The sad news is the surge in adoption and usage comes with a compromise in the IT infrastructure budget. Enterprises could be wasting nearly 80% of Kubernetes expenses on unintentional resources that are not helping organizations to hit their goals as planned. Let’s see in this blog what are the challenges and ways to optimize.

Challenges in Kubernetes Cost Optimization

Charged as a whole:

A cluster contains multiple nodes within. Each node will, in turn, contain a varying number of containers. Every node that is present inside one cluster is not necessarily part of the same application as others. Each node may be handled by 20 different teams for different applications. But the cluster is charged as a whole or clusters together by the cloud service providers. Billing starts right when a container is deployed into a node. The additional cost of $2.4/day is charged for Kubernetes cluster maintenance, software license, disaster recovery, etc.

Showback and chargeback – Near Impossible:

These two processes are vital for enterprises to bring financial accountability. (Showback is the process that gives visibility to a business unit’s expenses on cloud resources usage for a particular period but not charged. Whereas chargeback is where the unit is informed as well as charged based on its utilization.) Tagging, which can aid the engineers in cost tracking is not possible in Kubernetes clusters.

Every penny we invest becomes worthy when it checks the list of features/output we planned. When they just stay at the expense side mapped to no production, then the ultimate source for the anomalies should be identified. But it is not as simple as it sounds for Kubernetes clusters. Spotting the team responsible for most of the expenses is daunting as each container may be utilized by different teams in the enterprise working on different deliverables. Each team’s Infrastructure budget and resource cost allocation varies on the other hand.

Multi-cloud adoption:

In Gartner’s recent survey, 81% of the respondents stated that they use 2 or more cloud service providers to avail of various benefits like overcoming vendor- lock-in, resource discounts, disaster recovery, etc. Kubernetes clusters will contain workloads from different cloud service providers like AWS, Azure, GCP, etc. which further twists the cost anomalies detection and Kubernetes cost optimization process.

Dynamic Autoscaling

One of the key reasons for cloud engineers to choose the Kubernetes cluster is its autoscaling feature. Depending on the usage demand, Kubernetes scales up or down so the resources suffice the compute requirement during peaks and valleys. Further in horizontal autoscaling, containers scale out which may reach from 2 to 20 within a day. Kubernetes cost optimization turns complicated because of this unpredicted autoscaling.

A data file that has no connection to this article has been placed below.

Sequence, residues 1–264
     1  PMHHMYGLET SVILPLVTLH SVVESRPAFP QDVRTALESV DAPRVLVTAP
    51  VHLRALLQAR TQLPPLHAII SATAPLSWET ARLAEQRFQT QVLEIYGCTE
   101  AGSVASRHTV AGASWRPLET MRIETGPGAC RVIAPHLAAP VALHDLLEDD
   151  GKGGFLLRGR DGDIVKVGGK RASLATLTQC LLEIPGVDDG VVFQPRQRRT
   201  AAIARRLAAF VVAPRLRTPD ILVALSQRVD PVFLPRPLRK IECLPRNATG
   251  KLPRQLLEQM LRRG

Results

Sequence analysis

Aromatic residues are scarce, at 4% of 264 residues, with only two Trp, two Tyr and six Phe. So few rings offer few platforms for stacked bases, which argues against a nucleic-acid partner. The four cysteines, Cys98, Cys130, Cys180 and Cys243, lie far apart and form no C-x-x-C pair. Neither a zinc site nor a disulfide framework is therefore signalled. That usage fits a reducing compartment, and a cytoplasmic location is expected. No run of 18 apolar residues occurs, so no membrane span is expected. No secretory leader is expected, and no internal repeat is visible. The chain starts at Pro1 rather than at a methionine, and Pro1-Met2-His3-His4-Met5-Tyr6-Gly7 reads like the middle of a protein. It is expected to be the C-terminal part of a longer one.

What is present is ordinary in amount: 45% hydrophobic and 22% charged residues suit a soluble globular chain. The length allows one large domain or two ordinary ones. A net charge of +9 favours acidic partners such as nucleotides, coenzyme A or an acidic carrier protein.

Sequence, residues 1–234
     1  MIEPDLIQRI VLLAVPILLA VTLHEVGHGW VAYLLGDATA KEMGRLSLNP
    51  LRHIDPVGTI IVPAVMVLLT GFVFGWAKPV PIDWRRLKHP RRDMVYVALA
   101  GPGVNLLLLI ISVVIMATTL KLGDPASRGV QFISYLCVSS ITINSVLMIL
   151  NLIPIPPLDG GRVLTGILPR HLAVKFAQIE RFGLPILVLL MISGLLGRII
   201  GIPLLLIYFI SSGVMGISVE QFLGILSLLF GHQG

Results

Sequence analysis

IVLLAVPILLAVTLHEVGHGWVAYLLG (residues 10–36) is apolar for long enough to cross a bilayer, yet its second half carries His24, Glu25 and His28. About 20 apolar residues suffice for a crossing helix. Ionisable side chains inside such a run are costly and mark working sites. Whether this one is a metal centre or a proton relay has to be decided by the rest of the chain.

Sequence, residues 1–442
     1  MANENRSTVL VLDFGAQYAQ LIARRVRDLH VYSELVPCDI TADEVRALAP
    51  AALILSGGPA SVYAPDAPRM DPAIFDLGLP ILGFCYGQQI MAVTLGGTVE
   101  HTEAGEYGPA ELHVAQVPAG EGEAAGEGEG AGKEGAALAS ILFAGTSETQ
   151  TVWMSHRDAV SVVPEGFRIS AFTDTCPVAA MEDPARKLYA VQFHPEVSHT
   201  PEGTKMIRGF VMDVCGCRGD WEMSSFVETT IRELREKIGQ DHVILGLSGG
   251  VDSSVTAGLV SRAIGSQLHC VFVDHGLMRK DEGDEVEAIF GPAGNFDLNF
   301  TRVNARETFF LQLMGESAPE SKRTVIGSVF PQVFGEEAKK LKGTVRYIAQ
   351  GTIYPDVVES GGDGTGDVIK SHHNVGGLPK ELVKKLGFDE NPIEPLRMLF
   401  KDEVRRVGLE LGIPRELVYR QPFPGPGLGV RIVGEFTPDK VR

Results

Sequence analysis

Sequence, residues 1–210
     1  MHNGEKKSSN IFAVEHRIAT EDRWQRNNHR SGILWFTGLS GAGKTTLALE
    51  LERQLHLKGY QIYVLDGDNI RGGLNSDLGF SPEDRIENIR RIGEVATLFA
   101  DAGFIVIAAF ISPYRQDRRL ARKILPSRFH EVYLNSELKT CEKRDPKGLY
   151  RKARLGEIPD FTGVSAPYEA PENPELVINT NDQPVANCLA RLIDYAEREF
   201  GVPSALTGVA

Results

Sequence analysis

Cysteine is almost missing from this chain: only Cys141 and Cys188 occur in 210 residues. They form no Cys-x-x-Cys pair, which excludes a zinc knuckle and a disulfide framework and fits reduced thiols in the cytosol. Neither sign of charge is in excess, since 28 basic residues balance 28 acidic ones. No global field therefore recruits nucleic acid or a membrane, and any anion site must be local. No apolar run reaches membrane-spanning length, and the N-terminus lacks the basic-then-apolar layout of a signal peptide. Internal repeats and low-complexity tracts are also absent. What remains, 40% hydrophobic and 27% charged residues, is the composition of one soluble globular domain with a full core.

Kubernetes Cost Optimization Best Practices

Let’s look at the optimal ways to trim the inadvertent expenses.


  1. Quality of Services for Pods (QoS)

Kubernetes cluster offers cloud practitioners the flexibility to set different QoS classes to Pods. Based on this the Pods’ scheduling and removal become easier for cloud practitioners. It is of 3 types – Guaranteed, Burstable, and Best-Effort.


When cloud engineers need to have a Pod, whose instances are sufficient to handle a highly critical app, they can configure it to be a guaranteed QoS class. So, both the CPU & memory limits and requests are the same and set. As the name suggests it guarantees minimal resources (Requests are the minimum number of resources and limits are the maximum resources it can use)


 A Burstable QoS class is assigned for a Pod when the vCPU or memory limit is more than the requests or not essentially the same. So, when the need arises for a spiked compute requirement, they can be utilized.


When both the limits and requests are not set, it is classified as a best-effort QoS class. Cloud engineers can avail for non-critical applications.

As we can clearly witness, Best-effort pods are the first choice for removal followed by Burstable and then Guaranteed.

Related reading: How to configure pods and containers?

2. ResourceQuotas & LimitRange

As we saw earlier, the Kubernetes cluster is shared by various teams. There is a possibility that one team may consume most of the Pods leaving other teams scarce. Namespace-level Pod restriction can mitigate this issue (Namespace is a virtual cluster). ResourceQuota is the means through which we can limit Pods’ usage within a Namespace.

Kubernetes administrators create a ResourceQuota for each Namespace. Whenever a user creates or updates a Pod within a Namespace, the ResourceQuota system checks if the limits are exceeded,  If it is crossing the limits, it returns a “403 FORBIDDEN” error denying the action.

LimitRange is another policy that helps with resource constraints individually. As the name goes limits the range of “limits & requests” within a Namespace.

3. Affinity

Pod/Node Affinity helps in influencing the pod scheduling that helps in resource optimization and, in turn the cost. Even though the scheduler does its job of equally spreading pods across the nodes, for some special cases like, when an application requires a specific hardware or licensing constraints, we can use Node Affinity to schedule pods onto specific nodes. This in turn avoids over provisioning of expensive resources and kubernetes cost management.

It is not done. Looking for more optimal ways to cut down Kubernetes costs? Read our next blog here : Kubernetes Cost Optimization Best Practices – Part 2

Kubernetes Cost management can turn simple when you use CloudCADI. Try a demo today.

SPEND RIGHT on Cloud with CloudCADI.